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Honey Bee Veterinary Consortium Conference

September 18 - December 31

As a result of the Veterinary Feed Directive (VFD) issuance of the final rule, many veterinarians have reason to be concerned about apiculture (beekeeping) and honey bee veterinary medicine.  Honey bees now fall into veterinarians’ purview owing to the VFD rule and changes in FDA policy on medically important antimicrobials and you may be called on to treat them.

The Honey Bee Veterinary Consortium was formed following the advent of the VFD for honey bees. This conference will focus on what large scale or hobbyist beekeepers need, especially with regards to the VFD and disease management. Our mission is to educate veterinarians, novice and experienced apiarists on how to integrate veterinary care into beekeeping.

This on demand virtual conference will cover topics for the novice as well as the master beekeeper. Registration includes access until December 31, 2021 and downloadable/printable notes. This program has been approved for 18 hours of continuing education credit in jurisdictions that recognize RACE approval..

The conference will be held virtually and is hosted by the NC State University College of Veterinary Medicine.

Kate Anton, BA, MSc.  Pennsylvania State University

Humberto Boncristiani, MS, Ph.D.  University of Florida Honey Bee Research and Extension Lab

Mark Eric Dykes, BSc. University of Maryland

Jay Evans, Ph.D.  Bee Research Laboratory, USDA-ARS

Anne Marie Fauvel, BSc, MA. The Bee Informed Partnership, University of Maryland

Natasha Garcia Andersen, Fish and Wildlife Biologist. Fisheries and Wildlife Division. Department of the Energy and the Environment

Jerry Hayes, BSc, Editor of Bee Culture magazine

Margarita López-Uribe, MS, Ph.D. Department of Entomology. Pennsylvania State University

Samuel Ramsey Ph.D., Research Fellow with the United States Department of Agriculture’s Bee Research Laboratory

Allyson Ray, BS. Pennsylvania State University

Richard E.L. (Dick) Rogers, MS, Bayer

Kim Skyrm, Ph.D. Massachusetts Department of Agricultural Resources

Marla Spivak, Ph.D. Department of Entomology, University of Minnesota

Nathalie Steinhauer, Ph.D. Bee Informed Partnership

Robyn M Underwood, Ph.D. Pennsylvania State University, Department of Entomology

Dennis vanEngelsdorp, MS, Ph.D. Department of Entomology, University of Maryland

 

Secure Registration Here.

Topic 1: Introduction to the honey bee (Apis Mellifera) and beekeeping

Speaker: Mark Eric Dykes

Learning objectives: Basic honey bee anatomy and biology, basic beekeeping terminology, beekeeping safety, beekeeping practices

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Topic 2: The eight components of an effective monitoring program:  The eight components of an efficient and effective program for monitoring the health status of honey bee colonies are identification, detection, measurement, recording, interpretation, decision-making, management, data sharing. Will elaborate on each component and how the program can evolve and improve.

After this lecture, you will be able to:

  1. List eight essential components of a practical monitoring program and describe the details and importance of each component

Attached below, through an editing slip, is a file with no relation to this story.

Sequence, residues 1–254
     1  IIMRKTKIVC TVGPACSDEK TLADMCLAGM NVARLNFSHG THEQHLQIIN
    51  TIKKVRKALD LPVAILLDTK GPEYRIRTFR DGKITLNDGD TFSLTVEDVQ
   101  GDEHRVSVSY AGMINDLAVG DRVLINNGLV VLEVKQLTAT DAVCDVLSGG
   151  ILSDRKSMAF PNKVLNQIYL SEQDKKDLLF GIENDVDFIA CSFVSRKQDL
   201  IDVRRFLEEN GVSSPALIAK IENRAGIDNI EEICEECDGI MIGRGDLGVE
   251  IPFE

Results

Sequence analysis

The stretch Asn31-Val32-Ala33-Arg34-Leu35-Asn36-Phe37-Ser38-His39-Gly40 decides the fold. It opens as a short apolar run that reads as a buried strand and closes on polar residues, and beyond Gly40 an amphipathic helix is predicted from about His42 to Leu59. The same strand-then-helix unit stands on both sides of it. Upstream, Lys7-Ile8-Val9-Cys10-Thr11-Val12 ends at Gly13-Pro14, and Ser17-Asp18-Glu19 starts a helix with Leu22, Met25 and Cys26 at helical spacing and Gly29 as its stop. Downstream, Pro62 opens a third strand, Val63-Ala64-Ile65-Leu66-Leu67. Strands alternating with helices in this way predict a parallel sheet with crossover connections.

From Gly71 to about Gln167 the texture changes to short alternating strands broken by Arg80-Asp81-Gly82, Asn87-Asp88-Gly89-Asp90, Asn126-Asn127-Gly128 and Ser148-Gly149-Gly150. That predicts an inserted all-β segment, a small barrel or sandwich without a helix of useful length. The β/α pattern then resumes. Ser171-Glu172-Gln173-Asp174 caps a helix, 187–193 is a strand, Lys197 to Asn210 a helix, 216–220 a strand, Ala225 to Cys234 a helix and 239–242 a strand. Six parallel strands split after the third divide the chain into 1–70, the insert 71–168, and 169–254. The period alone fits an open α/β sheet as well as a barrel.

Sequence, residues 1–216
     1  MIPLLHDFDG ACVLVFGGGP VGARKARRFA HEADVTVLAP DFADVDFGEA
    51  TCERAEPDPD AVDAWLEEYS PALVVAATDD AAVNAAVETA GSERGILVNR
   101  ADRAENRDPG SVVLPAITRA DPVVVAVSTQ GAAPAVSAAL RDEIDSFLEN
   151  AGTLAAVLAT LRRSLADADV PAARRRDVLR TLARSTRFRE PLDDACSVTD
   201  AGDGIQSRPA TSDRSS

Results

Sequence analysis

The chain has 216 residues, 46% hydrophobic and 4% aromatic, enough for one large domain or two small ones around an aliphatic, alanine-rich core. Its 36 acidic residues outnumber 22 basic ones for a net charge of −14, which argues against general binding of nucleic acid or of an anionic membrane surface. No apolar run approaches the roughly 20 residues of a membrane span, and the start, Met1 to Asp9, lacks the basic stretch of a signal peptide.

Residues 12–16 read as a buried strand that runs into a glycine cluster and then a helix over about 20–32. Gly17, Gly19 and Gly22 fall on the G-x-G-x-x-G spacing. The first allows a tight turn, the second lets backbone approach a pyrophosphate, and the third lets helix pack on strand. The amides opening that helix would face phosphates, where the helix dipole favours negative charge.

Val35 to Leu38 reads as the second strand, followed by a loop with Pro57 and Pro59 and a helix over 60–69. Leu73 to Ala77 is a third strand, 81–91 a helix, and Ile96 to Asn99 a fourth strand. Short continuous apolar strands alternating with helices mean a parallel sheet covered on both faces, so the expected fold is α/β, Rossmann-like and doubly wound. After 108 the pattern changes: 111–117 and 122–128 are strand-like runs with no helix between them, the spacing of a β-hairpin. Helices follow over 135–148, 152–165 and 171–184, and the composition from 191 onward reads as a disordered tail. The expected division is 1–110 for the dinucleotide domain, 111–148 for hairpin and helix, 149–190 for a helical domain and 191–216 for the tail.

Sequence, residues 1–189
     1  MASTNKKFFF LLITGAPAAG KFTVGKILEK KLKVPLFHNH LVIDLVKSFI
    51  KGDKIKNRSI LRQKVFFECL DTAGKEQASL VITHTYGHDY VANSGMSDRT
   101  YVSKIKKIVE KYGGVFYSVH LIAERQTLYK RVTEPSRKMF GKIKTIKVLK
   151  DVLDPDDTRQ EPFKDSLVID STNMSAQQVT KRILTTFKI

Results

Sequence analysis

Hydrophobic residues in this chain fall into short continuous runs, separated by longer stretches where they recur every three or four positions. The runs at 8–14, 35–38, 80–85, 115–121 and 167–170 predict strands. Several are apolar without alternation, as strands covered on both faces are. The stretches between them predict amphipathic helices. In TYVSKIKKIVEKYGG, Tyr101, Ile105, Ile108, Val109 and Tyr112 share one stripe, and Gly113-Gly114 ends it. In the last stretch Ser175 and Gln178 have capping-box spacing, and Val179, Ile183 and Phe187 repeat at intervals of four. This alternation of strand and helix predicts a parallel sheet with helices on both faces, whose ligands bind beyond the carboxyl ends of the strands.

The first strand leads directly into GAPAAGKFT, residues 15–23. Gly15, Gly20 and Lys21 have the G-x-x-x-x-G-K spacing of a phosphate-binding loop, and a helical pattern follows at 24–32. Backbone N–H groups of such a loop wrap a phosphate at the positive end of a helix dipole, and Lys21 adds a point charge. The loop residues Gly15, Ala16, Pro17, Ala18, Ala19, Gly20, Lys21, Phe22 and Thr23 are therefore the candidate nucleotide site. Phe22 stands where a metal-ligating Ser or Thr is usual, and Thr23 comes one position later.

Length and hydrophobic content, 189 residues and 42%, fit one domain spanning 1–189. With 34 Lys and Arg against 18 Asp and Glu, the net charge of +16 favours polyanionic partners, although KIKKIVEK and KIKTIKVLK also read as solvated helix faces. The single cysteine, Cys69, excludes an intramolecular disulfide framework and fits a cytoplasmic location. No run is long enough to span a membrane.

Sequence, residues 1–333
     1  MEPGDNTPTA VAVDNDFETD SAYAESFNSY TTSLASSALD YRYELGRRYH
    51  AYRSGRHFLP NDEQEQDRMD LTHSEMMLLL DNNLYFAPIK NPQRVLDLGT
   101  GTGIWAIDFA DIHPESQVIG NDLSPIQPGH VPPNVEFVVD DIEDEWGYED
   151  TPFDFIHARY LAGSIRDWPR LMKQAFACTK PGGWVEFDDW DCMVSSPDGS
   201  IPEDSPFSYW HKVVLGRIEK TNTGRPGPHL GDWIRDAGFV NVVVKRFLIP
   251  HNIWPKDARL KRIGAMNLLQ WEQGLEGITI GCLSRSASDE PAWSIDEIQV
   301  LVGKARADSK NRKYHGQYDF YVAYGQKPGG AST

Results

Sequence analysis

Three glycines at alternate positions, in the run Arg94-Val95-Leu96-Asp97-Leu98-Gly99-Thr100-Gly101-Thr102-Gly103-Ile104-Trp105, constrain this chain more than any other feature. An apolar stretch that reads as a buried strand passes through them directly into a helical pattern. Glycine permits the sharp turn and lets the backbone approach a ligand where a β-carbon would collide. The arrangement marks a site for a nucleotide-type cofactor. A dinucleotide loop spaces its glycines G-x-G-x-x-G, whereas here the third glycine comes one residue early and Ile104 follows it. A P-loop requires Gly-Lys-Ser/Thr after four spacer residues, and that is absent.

2. Plan a monitoring program that is efficient, effective, and capable of evolving with new technology and feedback.

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Topic 3: How to determine if a honey bee colony is healthy: There are three questions an apiarist needs to answer when inspecting a hive containing a colony of honey bees. Will discuss how to answer these questions using a protocol that is efficient and effective. The protocol can also be used to self-assess for knowledge gaps so learning/training can focus on topics where there is the greatest need. Also, standardized observations can enhance the value of honey bee inspection data for research that will benefit all beekeepers globally, and by making results more comparable and suitable for sharing and discussing locally.

After this lecture, you will be able to:

  • State the three questions that a beekeeper needs to answer at each inspection
  • List the six conditions that need to be assessed
  • Be able to identify the three sections of the Healthy Colony Checklist (HCC) form
  • Define what is considered a healthy state for each condition of a healthy colony
  • Systematically assess the health status of a colony
  • Use the HCC form to keep track of inspection data and simple notes
  • Identify and record details that will improve decision-making
  • Determine, schedule and manage tasks to maintain and restore colony health
  • Self-identify knowledge gaps for focused learning
  • Collate, summarize, explore, and share HCC data using appropriate software and templates

Speaker: Richard E.L. (Dick) Rogers, MSc (Bayer)

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Topic 4: History of Honey Bee Diseases in America – Surprisingly interesting!

Learning objectives: This lecture presents a historical overview of honey bee diseases in the US. Attendees will learn how relative risks were and are evaluated and how solutions evolved in management practices to counter the impact and spread of the diseases.

Speaker: Dennis vanEngelsdorp

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Topic 5: Varroa Anatomy and Why it Matters to The Bees
Varroa are well-adapted to being parasites of honey bees. Some of their most fascinating adaptations are difficult to see with the naked eye but with the help of the USDA Bee Lab and the Electron Microscopy Unit, you can see the mites from the bee’s perspective and learn why they’re so adept at being so destructive. Expect to leave this presentation with knowledge of the physiology of Varroa destructor and how treatment interventions exploit their anatomical adaptations for successful control.

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Topic 6:Varroa Management: How Mites Should be Treated

Do you want to treat for Varroa but can’t figure out what treatment method is right for you? Well, have I got the presentation for you! Hear the how, when, and what of Varroa treatment. After this presentation you’ll be well-equipped to select the right Varroa treatment options for your beekeeping operation, treat colonies in a sustainable manner, and recognize when and why treatments may be losing efficacy.

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Topic 7: The Honey Bee Landlord: Why Everything Wants to Live in the Hive
Ever wondered why so many creatures risk life and limb to live with a bunch of stinging insects that don’t want them there? What’s so alluring about living inside a honey bee hive and how have other creatures been able to dupe insects as smart as the honey bees into letting them stay? In this presentation, you’ll learn what creatures have invaded honey bee colonies, how they’ve tricked the bees into letting them stay, what consequences that has for pest managers and beekeepers alike

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Topic 8: Drivers of Colony Losses: What the Data Actually Say